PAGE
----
Based on the above, a typical GVT routine might look something like this:

German Volume Training Workout Regimen

Workout 1 – Chest & Back

  • Bench Press 10 X 10
  • Close Grip Pulldowns 10 X 10
  • Incline Dumbbell Flyes 3 X 10
  • Cable Rows 3 X 10

Workout 2 – Legs & Abs

  • Squats 10 X 10
  • Lying Leg Curls 10 X 10
  • Calf Raise 4 X 10
  • Leg Raise 3 X 10

Workout 3 – Arms & Shoulders

  • Parallel Bar Dips 10 X 10
  • Barbell Curl 10 X 10
  • Seated Dumbbell Shoulder Press 3 X 10
  • Dumbbell Lateral Raise 3 X 10

You can alternate the bench press and the pulldowns in workout 1, the squats and the leg curls in workout 2 and the parallel bar dips and barbell curls in workout 3 if you wish.

Do this for 6 weeks (or 6 5-day cycles), and then move on to a lower volume transition phase for 3 weeks/cycles. During this phase you can do the same exercises, but do each for just 3 sets of 8 reps, using the same weight as you used in your last GVT workout.

GVT Phase 2

After the transition phase you can return to GVT if you wish. But this time do 10 sets of 6 reps using a weight that you’d normally be able to do for 12 reps. You can use the same exercises as before if you wish, or you can change them to similar ones, as in the example below.

Workout 1 – Chest & Back

  • Incline Bench Press 10 X 6
  • Bent-Over Row 10 X 6
  • Dumbbell Flyes 3 X 10
  • Pull-Ups 3 X 10

Workout 2 – Legs & Abs

  • Leg Press 10 X 6
  • Seated Leg Curls 10 X 6
  • Calf Raise 4 X 10
  • Leg Pull-Ins 3 X 10

Workout 3 – Arms & Shoulders

  • Close Grip Bench Press 10 X 6
  • EZ Bar Curl 10 X 6
  • Dumbbell Lateral Raise 3 X 10
  • Face Pulls 3 X 10

Do this for another 6 weeks/cycles, and then take a week off. After this you should probably use a different training method for a while – perhaps a more strength focused regimen. You can then return to GVT at a later date if you wish.

Recovery Considerations

GVT takes a lot out of you, so you’ll need to ensure you are able to recover properly. Make sure you get plenty of rest and sleep, and don’t be too active in other areas if you can help it.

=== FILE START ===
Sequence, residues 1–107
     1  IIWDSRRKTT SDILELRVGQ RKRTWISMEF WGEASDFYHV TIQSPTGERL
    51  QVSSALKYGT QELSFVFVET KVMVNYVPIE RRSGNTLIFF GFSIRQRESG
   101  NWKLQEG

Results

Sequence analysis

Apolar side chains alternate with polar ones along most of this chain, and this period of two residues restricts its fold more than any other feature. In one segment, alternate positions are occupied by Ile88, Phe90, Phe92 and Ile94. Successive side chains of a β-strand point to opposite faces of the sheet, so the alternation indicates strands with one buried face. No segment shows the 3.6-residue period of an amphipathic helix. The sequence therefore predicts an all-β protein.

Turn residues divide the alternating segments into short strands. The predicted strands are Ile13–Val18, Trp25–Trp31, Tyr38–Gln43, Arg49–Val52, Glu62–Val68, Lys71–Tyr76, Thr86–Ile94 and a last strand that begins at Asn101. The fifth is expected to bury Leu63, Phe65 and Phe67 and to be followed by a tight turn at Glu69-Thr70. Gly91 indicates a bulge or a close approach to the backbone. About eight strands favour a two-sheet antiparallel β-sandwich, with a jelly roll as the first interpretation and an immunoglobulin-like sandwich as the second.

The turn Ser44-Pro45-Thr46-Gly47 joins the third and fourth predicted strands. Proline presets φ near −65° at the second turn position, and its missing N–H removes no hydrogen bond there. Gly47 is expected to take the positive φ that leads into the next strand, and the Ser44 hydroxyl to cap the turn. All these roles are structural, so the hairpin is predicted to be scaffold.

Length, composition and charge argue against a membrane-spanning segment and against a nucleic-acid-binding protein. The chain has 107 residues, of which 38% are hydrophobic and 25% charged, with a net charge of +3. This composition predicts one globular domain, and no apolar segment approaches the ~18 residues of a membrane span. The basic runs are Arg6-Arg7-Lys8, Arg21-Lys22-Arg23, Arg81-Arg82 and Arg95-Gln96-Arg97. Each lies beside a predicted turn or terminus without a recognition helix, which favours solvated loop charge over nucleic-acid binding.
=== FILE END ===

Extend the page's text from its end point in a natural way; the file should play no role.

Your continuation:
You’ll also need to eat a lot. This is crucial as you can’t grow on effort alone. So increase your calorie intake, and make sure you get plenty of protein (up to about 1.5g per pound of bodyweight per day), as well as lots of complex carbohydrates (oatmeal, brown rice, sweet potatoes etc.), some good healthy fats to ensure efficient hormone production, and a decent amount of fruit and vegetables.

But keep it clean. If you are very lean you can get away with some junk (refined, processed and sugary) food, but otherwise try to avoid it as much as possible.

So that’s German Volume Training – possibly the most productive mass building training system in the world. It’s quite common to gain 10 pounds of muscle during that initial 6 week phase; and some people gain much more than that. So give it a go and do let me know how you get on. If you have any questions just ask them in the comments below.

This content is accurate and true to the best of the author’s knowledge and is not meant to substitute for formal and individualized advice from a qualified professional.


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    • dwelburn profile imageAUTHOR


      6 years ago from Birmingham, UK

      Yes Will; you should definitely keep the exercises the same over the initial six weeks. You should also keep them the same in phase 2 for the full six weeks too.

    • profile image


      6 years ago

      Thanks for the article.

      During the initial 6 weeks of GVT, is it best to keep the exercises the same from week to week? Thanks.